The Paladin Prophecy: Book 1

( 31 )

Overview

Readers of I Am Number Four, The Maze Runner, and Legend will love this exciting new adventure series by the co-creator of the groundbreaking television show Twin Peaks, with its unique combination of mystery, heart-pounding action, and the supernatural.

Will West is careful to live life under the radar. At his parents' insistence, he's made sure to get mediocre grades and to stay in the middle of the pack on his cross-country team. Then Will ...

See more details below
Audiobook (CD)
$48.84
BN.com price
(Save 9%)$54.00 List Price
Other sellers (Audiobook)
  • All (5) from $28.37   
  • New (3) from $28.37   
  • Used (2) from $28.38   
Note: Visit our Teens Store.
Sending request ...

Overview

Readers of I Am Number Four, The Maze Runner, and Legend will love this exciting new adventure series by the co-creator of the groundbreaking television show Twin Peaks, with its unique combination of mystery, heart-pounding action, and the supernatural.

Will West is careful to live life under the radar. At his parents' insistence, he's made sure to get mediocre grades and to stay in the middle of the pack on his cross-country team. Then Will slips up, accidentally scoring off the charts on a nationwide exam.

Now Will is being courted by an exclusive prep school . . . and followed by men driving black sedans. When Will suddenly loses his parents, he must flee to the school. There he begins to explore all that he's capable of—physical and mental feats that should be impossible—and learns that his abilities are connected to a struggle between titanic forces that has lasted for millennia.

Read More Show Less

Editorial Reviews

From Barnes & Noble

His parents told him to be conscientiously mediocre, but Will West fouled up: He aced a nationwide exam that gave him a free ticket to a prestigious prep school, but his off the charts score also earned him a stubborn stalker contingent: He finds himself followed by mysterious men in a black sedan. Mark Frost's Paladin Prophecy launch hides some of its secrets in plain sight and incites excitement at every turn. Now in trade paperback and NOOK Book.

From the Publisher
Chris Columbus, director of Harry Potter and the Sorceror's Stone:
"Mark Frost has created a wonderfully inventive and exciting tale where one exceptional teenager must discover the truth about his family . . . and himself. The mysteries are unexpected and the mythology is impressively original. A remarkably suspenseful ride. I can’t wait for the next installment!"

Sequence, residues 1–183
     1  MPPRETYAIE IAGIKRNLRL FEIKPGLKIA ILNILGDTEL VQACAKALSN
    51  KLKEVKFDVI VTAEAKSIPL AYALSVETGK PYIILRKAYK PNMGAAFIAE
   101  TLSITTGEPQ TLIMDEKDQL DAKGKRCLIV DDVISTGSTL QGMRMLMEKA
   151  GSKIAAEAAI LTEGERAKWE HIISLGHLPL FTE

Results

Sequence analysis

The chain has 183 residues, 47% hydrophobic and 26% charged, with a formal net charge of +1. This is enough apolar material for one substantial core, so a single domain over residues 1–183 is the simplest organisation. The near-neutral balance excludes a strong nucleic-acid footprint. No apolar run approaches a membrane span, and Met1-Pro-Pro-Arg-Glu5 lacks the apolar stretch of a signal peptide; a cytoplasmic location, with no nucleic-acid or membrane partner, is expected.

Booklist, September 15, 2012:
"Frost, screenwriter and cocreator of the innovative TV series Twin Peaks, joins the parade of adult authors trying their hands at YA books with this first in a planned series. Making an assured transition, Frost delivers an addictive Jason Bourne/Pittacus Lore/Harry Potter mash-up. Teen Will West has shaped his life by his father’s “Rules to Live By,” especially number three: “Don’t Draw Attention to Yourself.” Throughout many moves, Will has learned to appear mediocre until one morning, when he learns that he has scored off the charts on a national test and is offered a full scholarship to an exclusive prep school. After receiving a terrifying text from his father, Will flees to the school only to discover that he and his new roommates possess hidden talents and are linked to an ancient struggle for world domination. Nonstop action and a richly layered plot propel a breakneck pace, and if the characters fit a tried-and-true trope, the skillful dialogue and touches of humor make that easy to overlook. A cliff-hanger ending will have readers begging for the sequel."

Alamosa Books, Albuquerque, New Mexico:
"Anybody who loves adventure, thriller, or mystery must have this book! I don’t have the time to reread anymore. But I’ve already made time to read this twice. And I want to give it a third go. This is the best adventure book I have read in years. I can just see Dad’s Rules going viral. Best read the book before the obscure numbered tweets show up!"

Ashley (booknook)'s Reviews on GoodReads.com
"This book totally awed me. It’s like Harry Potter school fantasy meets kids-save-the-world Percy Jackson meets mind-blowing 'OH MY GOD I WANT THAT' technology meets the page-turning awe that is Dan Brown conspiracy, history-brought-to-life, secret society. Put it all together and you get this incredibly original story that will suck you in and won’t let you go."

The Book Stall, Chicago
"The Paladin Prophecy blends terror and comedy into one fast-paced, adrenaline-inducing must-read. Readers will stay up into the small hours of the morning to finish, and then the first thing on their minds will be, 'When does the sequel come out?'"

Kirkus Reviews, August 15, 2012:
"New school and new mental powers meet ancient mysteries and ancient war."

Publishers Weekly, July 23, 2012:
"Frost, adult author and Twin Peaks co-creator, makes his YA debut with this densely plotted thriller, first in a trilogy. His story has serious entertainment value and pulls together satisfyingly by book's end, while laying the groundwork for the sequels."